How to Ignore the Campaign
Imagine what democracy would be like if elections were more than cash cows for local TV stations selling ads, if they were more than profit centers for conglomerates whose business model is monetizing -- that is, entertaining -- audiences. Imagine if campaigns really were what we deserve: great national conversations about issues and choices.
#NBCFail: Backlash as Twitter Locks Out Reporter Guy Adams
NBC was at the center of controversy last night after it persuaded Twitter to suspend a journalist for the Independent who criticized its coverage of the Olympics. Guy Adams, the Independent's Los Angeles correspondent, was removed from the social networking site on the day that he wrote a news story detailing widespread public complaints about the network's coverage of the London Games.
#NBCFail: NBC Blames Twitter for Complaint that Led to Journalist's Twitter Account Suspended
Following his suspension yesterday from the micro-blogging site Twitter, Independent journalist Guy Adams writes with an update on the controversy.
News Corp. Asks to Keep Allegations in Phone-Hacking Case Secret
News Corp.’s British publishing unit asked a judge to keep secret a series of new claims being made by victims of phone hacking in preparation for a group trial scheduled for February. The amended allegations, concerning actions at News Corp.'s News of the World tabloid, reveal "a need for a proper debate about the scope of the case," said Jeremy Reed, a lawyer for at least 50 victims. Reed has said the number of claimants may double before the trial.
Ford Foundation Gives Washington Post Grant for Government-Accountability Reporting
The Ford Foundation has awarded a $500,000 grant to the Washington Post to expand its government-accountability reporting at the national and local levels. The grant will be used to fund four new newsroom positions to work on special projects related to money, politics and government.
Press Freedom Under Attack in Sri Lanka
Sri Lanka's Criminal Investigation Department’s Colombo Crime Division raided the office shared by news websites Sri Lanka Mirror and Sri Lanka X News. The latter website is widely known as the official journalistic outlet of the United National Party, which is the main opposition party against the ruling coalition. Nine journalists were arrested and computer equipment was confiscated.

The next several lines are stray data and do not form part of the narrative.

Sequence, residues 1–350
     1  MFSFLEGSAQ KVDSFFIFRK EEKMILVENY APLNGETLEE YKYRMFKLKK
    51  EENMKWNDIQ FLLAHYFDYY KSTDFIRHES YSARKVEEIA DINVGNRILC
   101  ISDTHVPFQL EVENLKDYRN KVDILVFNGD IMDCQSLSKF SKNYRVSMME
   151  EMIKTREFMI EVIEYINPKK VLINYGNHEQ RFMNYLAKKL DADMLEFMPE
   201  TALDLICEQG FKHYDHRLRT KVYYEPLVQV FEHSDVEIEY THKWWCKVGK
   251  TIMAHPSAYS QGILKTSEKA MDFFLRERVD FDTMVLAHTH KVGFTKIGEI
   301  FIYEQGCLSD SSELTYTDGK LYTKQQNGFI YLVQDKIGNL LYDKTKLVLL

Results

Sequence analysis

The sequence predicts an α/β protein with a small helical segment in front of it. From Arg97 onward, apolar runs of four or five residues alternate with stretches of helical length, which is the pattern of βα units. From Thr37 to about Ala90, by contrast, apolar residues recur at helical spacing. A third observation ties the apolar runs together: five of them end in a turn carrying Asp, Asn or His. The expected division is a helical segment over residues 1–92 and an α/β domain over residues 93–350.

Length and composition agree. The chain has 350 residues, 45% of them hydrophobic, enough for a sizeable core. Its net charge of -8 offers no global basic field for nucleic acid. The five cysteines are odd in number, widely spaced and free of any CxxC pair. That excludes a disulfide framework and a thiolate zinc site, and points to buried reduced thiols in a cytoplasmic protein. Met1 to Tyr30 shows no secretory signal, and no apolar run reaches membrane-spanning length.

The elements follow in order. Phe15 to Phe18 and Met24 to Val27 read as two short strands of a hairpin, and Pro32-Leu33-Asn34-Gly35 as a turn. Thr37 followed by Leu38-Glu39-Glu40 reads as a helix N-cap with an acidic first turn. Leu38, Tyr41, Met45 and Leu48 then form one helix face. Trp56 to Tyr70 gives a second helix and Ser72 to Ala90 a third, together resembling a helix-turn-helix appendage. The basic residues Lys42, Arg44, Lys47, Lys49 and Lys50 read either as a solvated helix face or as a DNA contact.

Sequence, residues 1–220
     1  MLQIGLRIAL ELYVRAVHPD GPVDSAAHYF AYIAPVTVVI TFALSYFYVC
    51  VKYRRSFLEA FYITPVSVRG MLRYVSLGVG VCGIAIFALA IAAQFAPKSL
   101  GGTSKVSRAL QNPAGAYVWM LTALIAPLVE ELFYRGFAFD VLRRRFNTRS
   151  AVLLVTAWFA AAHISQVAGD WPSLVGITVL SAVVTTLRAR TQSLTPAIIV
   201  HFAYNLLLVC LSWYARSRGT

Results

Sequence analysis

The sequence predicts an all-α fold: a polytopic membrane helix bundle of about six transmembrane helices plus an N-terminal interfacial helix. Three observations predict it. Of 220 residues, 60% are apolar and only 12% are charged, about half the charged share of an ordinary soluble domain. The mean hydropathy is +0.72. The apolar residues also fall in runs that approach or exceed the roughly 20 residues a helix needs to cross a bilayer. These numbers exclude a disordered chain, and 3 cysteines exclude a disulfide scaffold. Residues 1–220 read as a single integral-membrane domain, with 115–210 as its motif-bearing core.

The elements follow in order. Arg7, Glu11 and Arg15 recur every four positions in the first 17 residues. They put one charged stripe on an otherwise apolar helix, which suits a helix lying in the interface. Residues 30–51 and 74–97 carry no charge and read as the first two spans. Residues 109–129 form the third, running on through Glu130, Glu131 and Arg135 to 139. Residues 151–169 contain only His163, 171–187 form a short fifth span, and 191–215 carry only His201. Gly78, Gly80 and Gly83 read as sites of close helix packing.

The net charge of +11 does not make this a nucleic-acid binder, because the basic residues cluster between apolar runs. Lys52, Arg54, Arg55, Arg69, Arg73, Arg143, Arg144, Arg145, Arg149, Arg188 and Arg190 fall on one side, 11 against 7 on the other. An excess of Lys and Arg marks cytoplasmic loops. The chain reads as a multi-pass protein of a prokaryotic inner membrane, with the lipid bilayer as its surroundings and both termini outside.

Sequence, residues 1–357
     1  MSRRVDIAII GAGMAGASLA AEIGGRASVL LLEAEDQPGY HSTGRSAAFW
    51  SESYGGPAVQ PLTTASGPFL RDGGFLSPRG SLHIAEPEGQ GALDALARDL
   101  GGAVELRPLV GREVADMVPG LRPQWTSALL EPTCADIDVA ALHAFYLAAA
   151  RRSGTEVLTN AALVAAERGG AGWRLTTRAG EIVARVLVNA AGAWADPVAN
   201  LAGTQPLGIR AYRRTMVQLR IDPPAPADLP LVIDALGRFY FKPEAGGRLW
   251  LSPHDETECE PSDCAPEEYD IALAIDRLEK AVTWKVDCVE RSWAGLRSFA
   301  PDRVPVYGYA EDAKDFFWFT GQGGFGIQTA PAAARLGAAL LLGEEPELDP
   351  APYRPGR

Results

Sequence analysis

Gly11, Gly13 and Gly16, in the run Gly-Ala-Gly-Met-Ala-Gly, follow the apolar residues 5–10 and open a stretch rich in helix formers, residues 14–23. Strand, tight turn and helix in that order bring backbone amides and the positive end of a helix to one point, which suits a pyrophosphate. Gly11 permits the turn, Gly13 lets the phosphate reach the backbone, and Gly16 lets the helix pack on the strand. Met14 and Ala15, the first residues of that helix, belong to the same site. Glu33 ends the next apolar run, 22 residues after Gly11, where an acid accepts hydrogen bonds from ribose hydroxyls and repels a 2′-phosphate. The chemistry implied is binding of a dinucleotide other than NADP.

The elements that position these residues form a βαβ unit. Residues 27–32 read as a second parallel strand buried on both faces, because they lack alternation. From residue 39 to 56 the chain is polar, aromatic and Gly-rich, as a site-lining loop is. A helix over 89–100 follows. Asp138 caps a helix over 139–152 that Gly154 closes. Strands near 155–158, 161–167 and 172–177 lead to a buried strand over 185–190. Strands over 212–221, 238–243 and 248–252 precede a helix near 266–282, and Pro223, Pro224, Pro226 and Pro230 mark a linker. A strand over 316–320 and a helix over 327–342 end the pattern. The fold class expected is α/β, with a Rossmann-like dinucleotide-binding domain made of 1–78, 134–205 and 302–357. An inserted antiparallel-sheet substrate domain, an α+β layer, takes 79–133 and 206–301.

In the Slums of Nairobi, a Mobile Phone Is More Valuable than Clean Drinking Water
The director of MIT's Center for Civic Media traveled to the Nairobi slum of Baba Dogo and found that people would rather pay to charge their mobile phones than to purchase clean drinking water -- even though charging a phone cost the equivalent of 200 liters of clean water. Mobile phones are now indispensable infrastructure in the developing world.
Jury in Apple-Samsung Patent Trial to Hear Opening Arguments Today
A federal court jury in Apple’s patent trial against Samsung is set to be the first in the United States to hear lawyers’ arguments and evidence in the global dispute over smartphone technology. The interests and professional backgrounds of the jurors reflect the Silicon Valley pool from which the panel was drawn.
Do We Need a New National Broadband Plan?
Google may be rolling out 1Gbps Internet access to Kansas City, but there are about 19 million American households and businesses that still lack any access to broadband. Most of them are in rural areas, and some will soon benefit from broadband projects financed by one of the last pillars of the FCC's National Broadband Plan: the Connect America Fund. Interestingly, this development comes as the author of the FCC's National Broadband Plan is rethinking broadband development.
Comcast Tunes Up First Usage-Based Broadband Trial in Nashville
Comcast will implement a new usage-based broadband policy in Nashville that could result in a charge of $10 for 50 additional gigabytes each time subscribers use more than their monthly allotment of 300 GB.
British TV Should Switch to Internet, Peers Suggest
In Great Britain, the switch to digital television may be only the beginning, as a Lords committee says that all TV should be broadcast via the Internet, leaving the airwaves free for mobile phones. However, Britain will need a better broadband network to cope with future technologies, the committee concluded after a wide-ranging six-month investigation.